Houston We Have a
Problem… 017 06/01/07
VHS to DVD
am an amateur historian and over the years I have recorded a number of
television programmes covering my area of interest. I now want to transfer
these to DVD using my computer. A local engineer will be changing the DVD-ROM
drive to a DVD writer but I also need to know how much material I can get onto
a DVD, as some of my tapes are 4 hours long? Is it possible to cut out the
adverts and would the recorded discs be watchable on any living-room DVD
player? Can you also advise on suitable software? I am no expert so I need
something fairly basic.
R Allthorpe, North Baddesley
well as the DVD writer drive your PC will need a video input adaptor card or
USB module so you can connect your VCR to it. The Dazzle DVD Recorder, which
plugs into a USB socket, is one of the simplest solutions and it comes with
basic DVD editing and authoring software.
your PC should have at least 1Gb of RAM and it’s a good idea to install a
second ‘slave’ drive for storing video as it takes up a lot of space. A second
drive also takes the strain off your main drive, which will be busy running
Windows and your applications, and it helps to eliminate the data bottlenecks
that cause glitches and jerks in the finished video.
DVDs hold up to 4.7Gb of data; newer dual-layer discs have twice the capacity
but I would stick to single layer types as drives and blank discs are a lot
more expensive and there are still some compatibility and reliability issues.
The amount of video you can get on a DVD depends on the original recording and
the quality settings you use to record a disc but as a rule of thumb you can
expect to get around 2 hours on a single layer disc.
are several easy to use DVD authoring and editing packages available including
Pinnacle Studio, Roxio Easy Media Creator 9 and Ulead Video Studio 10. All of
them let you remove adverts and much more besides and the finished DVDs will be
playable on any home DVD player.
Internet Explorer 7 Problem
have installed IE7 but every time I turn on my machine and boot up I get the
message ‘The procedure entry point Get Process Image File Name could not locate
the dynamic Link Library PSAPI.DLL’. Have you any idea what this means and how
can I stop it?
Williams, by email
I have had many similar queries in the past few weeks and
these error messages often contain baffling references to ‘Motive SmartBridge’
and ‘Procedure Entry Points ‘. Don’t worry, it’s not serious and it is caused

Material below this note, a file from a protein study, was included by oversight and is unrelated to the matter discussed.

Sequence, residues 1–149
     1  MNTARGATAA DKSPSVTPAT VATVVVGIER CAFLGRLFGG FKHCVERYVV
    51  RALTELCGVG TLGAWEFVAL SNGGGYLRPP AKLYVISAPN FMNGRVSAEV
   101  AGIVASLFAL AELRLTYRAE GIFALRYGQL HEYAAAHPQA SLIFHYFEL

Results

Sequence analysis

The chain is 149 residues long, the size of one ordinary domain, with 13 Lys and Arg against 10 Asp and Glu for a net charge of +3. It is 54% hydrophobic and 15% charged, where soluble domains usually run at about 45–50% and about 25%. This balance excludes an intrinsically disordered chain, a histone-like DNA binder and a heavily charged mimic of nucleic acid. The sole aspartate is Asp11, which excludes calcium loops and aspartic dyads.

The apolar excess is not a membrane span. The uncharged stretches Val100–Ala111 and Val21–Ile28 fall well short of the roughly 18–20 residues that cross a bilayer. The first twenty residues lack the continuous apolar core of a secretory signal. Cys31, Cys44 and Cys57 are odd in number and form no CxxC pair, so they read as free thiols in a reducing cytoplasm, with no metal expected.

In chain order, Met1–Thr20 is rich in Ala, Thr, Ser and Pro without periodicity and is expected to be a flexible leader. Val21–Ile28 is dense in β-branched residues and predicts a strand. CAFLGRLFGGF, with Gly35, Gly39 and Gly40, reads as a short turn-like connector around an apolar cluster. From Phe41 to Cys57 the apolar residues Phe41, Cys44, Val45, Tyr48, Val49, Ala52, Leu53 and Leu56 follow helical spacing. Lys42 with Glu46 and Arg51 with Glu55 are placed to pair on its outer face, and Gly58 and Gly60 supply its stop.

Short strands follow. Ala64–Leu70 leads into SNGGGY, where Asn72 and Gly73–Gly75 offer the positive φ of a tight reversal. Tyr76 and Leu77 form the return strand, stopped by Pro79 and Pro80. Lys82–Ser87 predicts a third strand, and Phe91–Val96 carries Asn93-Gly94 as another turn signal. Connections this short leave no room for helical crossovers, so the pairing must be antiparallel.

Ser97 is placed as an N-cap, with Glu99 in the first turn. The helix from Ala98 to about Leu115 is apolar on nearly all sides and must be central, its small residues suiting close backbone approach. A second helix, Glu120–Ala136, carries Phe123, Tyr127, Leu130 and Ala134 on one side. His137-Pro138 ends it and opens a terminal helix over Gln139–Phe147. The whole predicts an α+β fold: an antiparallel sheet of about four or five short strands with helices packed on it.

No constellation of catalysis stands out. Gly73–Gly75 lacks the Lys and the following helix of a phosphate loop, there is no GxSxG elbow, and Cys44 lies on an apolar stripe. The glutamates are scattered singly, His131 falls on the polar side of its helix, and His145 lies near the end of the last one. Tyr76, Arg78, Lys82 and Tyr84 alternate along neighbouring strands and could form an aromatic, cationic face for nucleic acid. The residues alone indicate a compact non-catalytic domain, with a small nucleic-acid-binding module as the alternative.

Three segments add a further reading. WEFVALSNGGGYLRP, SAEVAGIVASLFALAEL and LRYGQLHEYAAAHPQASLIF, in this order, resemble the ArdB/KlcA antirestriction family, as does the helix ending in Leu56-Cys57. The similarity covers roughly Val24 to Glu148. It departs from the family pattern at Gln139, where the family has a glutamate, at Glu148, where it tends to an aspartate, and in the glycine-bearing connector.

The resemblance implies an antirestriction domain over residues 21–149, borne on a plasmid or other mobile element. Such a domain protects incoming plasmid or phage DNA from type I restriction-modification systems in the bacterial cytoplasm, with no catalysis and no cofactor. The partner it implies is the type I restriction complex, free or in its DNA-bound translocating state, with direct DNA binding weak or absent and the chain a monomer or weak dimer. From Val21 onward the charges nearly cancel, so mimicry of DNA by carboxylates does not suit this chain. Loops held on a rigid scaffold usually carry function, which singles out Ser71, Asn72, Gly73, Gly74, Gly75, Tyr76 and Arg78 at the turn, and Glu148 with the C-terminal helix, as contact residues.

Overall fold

by a conflict between a Windows System file -- updated by IE7 -- and a program
called Motive Smartbridge, which is installed by a number of broadband setup
programs and used for error reporting. You can safely disable Motive
SmartBridge by renaming the errant PSAPI.dll file.
It’s very straightforward, go to Search on the Start menu,
type ‘psapi.dll’ (without the quotes) in the File Name box and click OK. It may
find more than one instance but the one you want is in the Smartbridge folder;
right-click on the file, select Rename, call it ‘psapold.dll’, click OK and
Running DOS Programs in Windows XP
wife has a program, which runs under DOS, for which we have retained an old
computer but is there a way that this software can be run on our new Windows XP
Smith, by email
has a DOS-like utility called Command Prompt but it’s not much use for running
programs. You can, however, boot your PC into DOS mode with a Windows 98/SE/ME
Startup floppy disc, which you can make on your old PC. Go to Start >
Settings > Control Panel > Add/Remove Programs; select the Startup Disc
tab and follow the prompts. Alternatively in Windows XP right-click the floppy
drive icon in My Computer or Windows Explorer select Format then click ‘Create
an MS-DOS startup disc’.
PC should boot from the floppy disc when you switch it on. If it doesn’t you
need to change the ‘Boot Order Sequence’ in the BIOS program; details of how to
do this should be in the user manual. Be warned that due to the faster
processors in XP computers some DOS programs may not work properly, or run too
quickly but that’s progress for you and sadly there’s nothing you can do about
Copying Images from a Memory Card
am having difficulty transferring pictures from a memory module in a card
reader to 'My Pictures'. Can you advise on the procedure please?
Wild, by email
Image files on a digital camera memory card can be
‘Copied’ and ‘Pasted’ to a new location like any other file on your computer.
All you have to do is open My Computer or Windows Explorer, double-click the
memory card icon to display its contents then right click on the file icon and
select Copy from the menu that appears. If you want to copy several files at
once hold down the Ctrl key whilst selecting files right click on one of them
and as before click Copy. Now go to your My Pictures folder right-click into an
empty area select Paste from the menu, and that’s all there is to it.
© R. Maybury 2006